A knight on his horse

A few weeks ago, there was an interesting discussion in WordPress Spain’s Slack (or should I say yet another #WPDrama?) about support channels in WordPress. Even though the discussion was very specific to our local community, the insights and ideas I got from it might help other communities from all over the globe, and so I’ve decided to summarize it here in our blog.

Slack and User Support

The Spanish community, like many other communities, has a Slack account to organize our events and work. For those of you who don’t know what Slack is, it’s just a messaging tool where teams can coordinate their activities. It’s like the IRC of the 21st century. As I said, other communities also use this tool, like WordPress.org or Polyglots from each country.

Screenshot of the Slack of WordPress España
Screenshot of the Slack of WordPress Spain.

In Slack, one can create different channels where different topics are discussed. This way, users are able to subscribe to the channels (hence topics) they’re interested in and ignore the rest. Some of our channels are, for example, #general, #anuncios (announcements), #meetups, or #wordcamps.

The Controversy

One of the channels we have in our Slack is #devel, a place where developers can share their experience and discuss advanced WordPress topics. Because of their target audience, the channel was quickly populated by “WordPress experts”, making it the perfect place to seek help. Do you have a problem with WordPress? Go ask in #devel—someone there will be able to help you. And #devel became yet another support channel for users.

IT Crowd helping end users
Professionals helping end users. If any channel is valid, you’ll be interrupted a lot.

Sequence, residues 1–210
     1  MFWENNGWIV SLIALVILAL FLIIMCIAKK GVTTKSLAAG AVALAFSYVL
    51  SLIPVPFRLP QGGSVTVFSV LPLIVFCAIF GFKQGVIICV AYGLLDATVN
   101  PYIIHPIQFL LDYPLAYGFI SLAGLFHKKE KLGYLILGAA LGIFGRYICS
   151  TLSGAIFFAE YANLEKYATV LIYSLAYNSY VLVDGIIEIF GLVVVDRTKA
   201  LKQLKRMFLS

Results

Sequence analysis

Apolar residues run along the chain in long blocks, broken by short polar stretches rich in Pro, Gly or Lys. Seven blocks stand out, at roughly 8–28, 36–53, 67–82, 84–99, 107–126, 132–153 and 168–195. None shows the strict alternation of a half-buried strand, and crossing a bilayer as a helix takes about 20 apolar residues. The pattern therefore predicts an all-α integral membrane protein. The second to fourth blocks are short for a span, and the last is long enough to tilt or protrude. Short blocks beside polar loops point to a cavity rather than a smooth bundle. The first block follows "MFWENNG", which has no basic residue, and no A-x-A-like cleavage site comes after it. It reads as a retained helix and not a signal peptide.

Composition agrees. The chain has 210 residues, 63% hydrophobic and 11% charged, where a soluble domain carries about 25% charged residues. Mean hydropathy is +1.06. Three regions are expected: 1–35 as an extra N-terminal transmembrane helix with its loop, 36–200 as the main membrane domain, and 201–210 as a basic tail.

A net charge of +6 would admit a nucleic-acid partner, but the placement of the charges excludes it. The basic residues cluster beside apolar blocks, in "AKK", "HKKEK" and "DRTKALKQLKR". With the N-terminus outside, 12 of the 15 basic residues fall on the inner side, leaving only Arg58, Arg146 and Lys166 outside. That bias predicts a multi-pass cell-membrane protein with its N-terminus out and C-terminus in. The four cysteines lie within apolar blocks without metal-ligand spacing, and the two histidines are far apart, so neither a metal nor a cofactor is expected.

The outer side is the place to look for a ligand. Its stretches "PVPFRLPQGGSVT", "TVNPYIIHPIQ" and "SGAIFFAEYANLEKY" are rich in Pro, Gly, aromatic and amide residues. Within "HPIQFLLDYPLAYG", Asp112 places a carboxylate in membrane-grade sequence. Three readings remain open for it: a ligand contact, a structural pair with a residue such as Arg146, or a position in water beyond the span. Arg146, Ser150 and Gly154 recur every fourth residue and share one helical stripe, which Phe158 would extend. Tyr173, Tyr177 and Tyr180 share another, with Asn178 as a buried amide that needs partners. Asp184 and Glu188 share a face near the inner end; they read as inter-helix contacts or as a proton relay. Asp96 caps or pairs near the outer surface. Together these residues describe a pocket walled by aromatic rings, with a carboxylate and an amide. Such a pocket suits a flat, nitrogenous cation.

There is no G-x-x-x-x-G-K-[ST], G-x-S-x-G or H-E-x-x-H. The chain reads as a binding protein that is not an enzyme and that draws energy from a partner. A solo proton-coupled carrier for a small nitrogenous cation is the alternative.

I wasn’t an active member in #devel, but it made perfect sense—every now and then I read the discussions other users were having, looked at the snippets they shared, and learned something new. But some people felt like it was no longer a place for developers to hang out—it had become a support channel. And so they closed it.

Summarizing the Discussion

Fernando Tellado, who’s well-known in the Spanish community, perfectly summarized the discussion, the different points of view, and this thoughts about it all:

My (general) opinion about this discussion is:

  • All WordPress users are part of the WordPress community (…)
  • Those who are more active need communication channels to coordinate their actions and tasks. To do that, we have different tools. We used to use IRC, today we use Slack (…)
  • Moreover, the community has support forums es.wordpress.org/support to help users. It’s an open and trackable channel where the Q&A we create today can be found in the future. As a result, the unselfish hours some users invest in helping others will be helpful to even more people.
  • The tool we use for coordinating nowadays is Slack (…)
  • As time went by, the best people within each area (core, accessibility, plugins, whatever) end up being in Slack.
  • And so there’s people who think “hey, here I can find the best professionals in WordPress, so why don’t I ask them directly?” (…)
  • Because Slack is quite new and has some fancy functionalities (like push notifications) that forums don’t, developers tend to respond to the questions they’re asked, and therefore people ask more often. It’s fast, it’s friendly, it’s faster!


But we shouldn’t be using tools out of their purpose (…) Sure, you can always ask a friend via WhatsApp or phone or in a meetup, but that doesn’t mean [you should do it by default] (…). Because, even if they solve your problem in a Facebook group or somewhere else, that’s a selfish way to benefit from the community. The best way to do it is to publicize the solution to your problem so that it might help someone tomorrow.

So, my opinion on support channels in Slack is:

  • There shouldn’t be any channels that aren’t devoted to collaborate and participate in the WordPress community (that is, meetups, translations, core, tv, and so on).
  • No support should be offered in Slack—use the forums instead (…)

» Summary and opinions by Fernando Tellado.